The last year has brought a string of events that shook society, including pandemic, protests, election and insurrection. In each case, leaders of many companies sought to meet the moment for their teams, even if that meant making space and listening.
For Fells Point-based healthcare AI company Protenus, responding to such events as a company is “beyond important.”
“I think it’s necessary to create a productive and effective culture,” CEO Nick Culbertson said. “We spend a lot of time at work and I think the best employees are the ones who can be authentic at work while embodying company values. We’ve had a number of open conversations at Protenus over the past year and the company is objectively better for it. So, not only is it the right thing to do, but in my experience, it also yields stronger and more effective teams and results.”
To our reading, that approach stands in stark contrast to the actions of companies that are choosing to ban talk of politics and society at work. Last week, Chicago-based Basecamp followed Coinbase in making such moves, and drew plenty of rebukes for doing so.
But for the many companies continuing to learn from the past year, how will that become part of company culture going forward?
Following the guilty verdict that was handed to former Minneapolis police officer Derek Chauvin for the murder of George Floyd, we sent Culbertson a few questions about how Protenus, with nearly 100 employees, responded, as well as what’s next.
The leadership team’s internal response was borne of a collective belief, he said.
“A white police officer murdering a black person should be abnormal; that is what should cause us to take action. If a white police officer murders a Black person then the officer being convicted of murder should be the standard,” Culbertson wrote. “Protenus’s response, while we’re certainly relieved, was reflective of this fact and while the conviction holds Derek Chauvin accountable for his actions, it still doesn’t bring justice to George Floyd and the countless other victims of police brutality. We know that we have a long way to go and that we’ll need to do more to fight against generational and ongoing systemic racism in order to bring about justice.”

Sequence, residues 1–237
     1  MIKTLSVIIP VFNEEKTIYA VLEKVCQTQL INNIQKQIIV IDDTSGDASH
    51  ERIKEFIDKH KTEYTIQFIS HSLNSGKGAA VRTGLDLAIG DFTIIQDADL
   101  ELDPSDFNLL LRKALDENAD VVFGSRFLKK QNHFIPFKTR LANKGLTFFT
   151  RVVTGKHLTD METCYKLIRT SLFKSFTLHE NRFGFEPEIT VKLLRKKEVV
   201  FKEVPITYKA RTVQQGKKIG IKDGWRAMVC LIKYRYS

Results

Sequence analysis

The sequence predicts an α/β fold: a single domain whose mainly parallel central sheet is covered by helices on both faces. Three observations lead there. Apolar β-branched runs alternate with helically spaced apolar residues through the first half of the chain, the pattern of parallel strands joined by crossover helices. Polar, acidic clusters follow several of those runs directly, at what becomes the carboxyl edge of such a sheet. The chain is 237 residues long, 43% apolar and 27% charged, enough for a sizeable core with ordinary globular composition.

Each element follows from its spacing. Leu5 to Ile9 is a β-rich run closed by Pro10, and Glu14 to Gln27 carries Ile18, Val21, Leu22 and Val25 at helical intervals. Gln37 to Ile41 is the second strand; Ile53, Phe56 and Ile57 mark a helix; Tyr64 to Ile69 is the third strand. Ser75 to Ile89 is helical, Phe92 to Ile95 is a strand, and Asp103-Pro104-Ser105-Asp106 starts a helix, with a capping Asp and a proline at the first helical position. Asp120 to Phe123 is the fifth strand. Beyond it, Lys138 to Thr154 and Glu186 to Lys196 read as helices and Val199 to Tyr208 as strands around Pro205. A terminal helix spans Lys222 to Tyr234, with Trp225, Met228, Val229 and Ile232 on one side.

But the conversation isn’t over. To be sure, the verdict doesn’t mean racial justice has been achieved. In fact, all of the major events of the last year underscored the work that remains to achieve racial justice. Yet it’s worth taking time to learn. This era had particular lessons that companies will take with them going forward. It did for Protenus.
“The BIPOC Community, for generations, has been protesting against injustice. What’s been more evident this time around is that it takes all of us, white people especially, to say enough; to make statements, to take action, to support businesses that align with our values,” Culbertson said. “The onus shifted from the communities victimized by the injustice and was put on the folks responsible for the injustice.”
The events came quickly over the last year, changing how we looked at the world overnight in some cases. This has brought a desire to show up for community. Protenus became a founding member of the Baltimore Tracks coalition, which is centering racial equity in tech hiring. But it also comes back to the company’s team itself. Taken together, the learnings of the last year can be applied on a more fundamental level to how a company operates. The response to these big events, in other words, can become part of culture.
“What we’re focused on building now is a framework that aligns our values with what we do and how we respond to events that affect our community. At Protenus, we say that we want to operate with integrity, humility, and thoughtfulness, to name a few — well, what does that mean in the context of racial injustice or democracy?” Culbertson said. “Once you answer that question, then the subsequent action becomes clearer and empowers our leaders and our team to feel really proud of the culture we’re building.”